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Skinny tires will do fine on light, fluffy, fresh, non-accumulated snow (just try not to corner too aggressively). The theory here is that skinny tires "slice" through the snow and finds the pavement underneath. Of course once the snow begins to settle and harden then not much slicing can be accomplished, hence the need for wider tires with treads. Riding on ice is an entirely different proposition.
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Old 03-30-15, 09:56 AM
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Originally Posted by yankeefan View Post
Skinny tires will do fine on light, fluffy, fresh, non-accumulated snow (just try not to corner too aggressively). The theory here is that skinny tires "slice" through the snow and finds the pavement underneath. Of course once the snow begins to settle and harden then not much slicing can be accomplished, hence the need for wider tires with treads. Riding on ice is an entirely different proposition.
I think this works with wet fluffy snow, but even colder more densely falling snow won't be "cut" or "sliced" as it will just get packed around your tire and then you're at the whim of gravity.
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Old 03-30-15, 09:57 AM
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Originally Posted by yankeefan View Post
...Riding on ice is an entirely different proposition.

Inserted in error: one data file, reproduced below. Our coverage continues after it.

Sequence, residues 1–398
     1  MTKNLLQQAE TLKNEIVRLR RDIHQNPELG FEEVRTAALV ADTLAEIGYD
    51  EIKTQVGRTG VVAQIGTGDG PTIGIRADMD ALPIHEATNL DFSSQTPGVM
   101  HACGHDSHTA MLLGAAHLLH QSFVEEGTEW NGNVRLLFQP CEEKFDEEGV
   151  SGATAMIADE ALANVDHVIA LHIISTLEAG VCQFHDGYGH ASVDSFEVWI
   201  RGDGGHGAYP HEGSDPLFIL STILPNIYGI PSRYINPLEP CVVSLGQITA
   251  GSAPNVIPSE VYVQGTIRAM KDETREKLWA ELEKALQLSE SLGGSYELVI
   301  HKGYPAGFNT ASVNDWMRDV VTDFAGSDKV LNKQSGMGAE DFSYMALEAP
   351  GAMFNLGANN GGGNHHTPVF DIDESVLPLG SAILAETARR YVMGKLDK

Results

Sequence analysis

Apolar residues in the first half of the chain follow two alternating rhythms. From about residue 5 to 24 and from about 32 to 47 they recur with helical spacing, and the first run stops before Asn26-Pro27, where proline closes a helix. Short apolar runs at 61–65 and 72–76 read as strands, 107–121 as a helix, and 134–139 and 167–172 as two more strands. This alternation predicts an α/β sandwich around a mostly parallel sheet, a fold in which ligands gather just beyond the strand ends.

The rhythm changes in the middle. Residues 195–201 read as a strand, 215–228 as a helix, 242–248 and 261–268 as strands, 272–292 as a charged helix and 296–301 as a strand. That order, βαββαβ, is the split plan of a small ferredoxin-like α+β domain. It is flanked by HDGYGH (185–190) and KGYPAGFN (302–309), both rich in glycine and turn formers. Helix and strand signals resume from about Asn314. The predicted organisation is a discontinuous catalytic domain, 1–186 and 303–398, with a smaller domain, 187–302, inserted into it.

My CF bike with 25C tires was in storage from Jan 1 until Mar 24, when I judged the roads dry enough to ride it. This AM I did have to cross a wide patch of ice about five feet long while en route. It came up too suddenly to stop, and my only strategy was to ride across it and keep a perfectly straight course.
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Old 03-30-15, 10:01 AM
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I have ridden 25 cm in the snow a few times, although never intentionally. I find the easiest thing to do is to spin in a lower gear than I would normally use. This gives me more control. I have chipped ice of the drive train of my road bike, but I have a hard time getting through if the snow goes up to the spokes.
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Old 03-30-15, 10:11 AM
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If there's a chance of snow or ice, I don't ride my road bike with 700x25 tires. Instead I ride my touring bike with 700x32 tires with pressure down around 60 psi. Even then I've had trouble with ice and hard-packed snow.
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Old 03-30-15, 10:34 AM
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Originally Posted by mlamb01 View Post
It snowed that much in that area on Saturday? That's news to me.
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Old 03-30-15, 10:57 AM
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Originally Posted by indyfabz View Post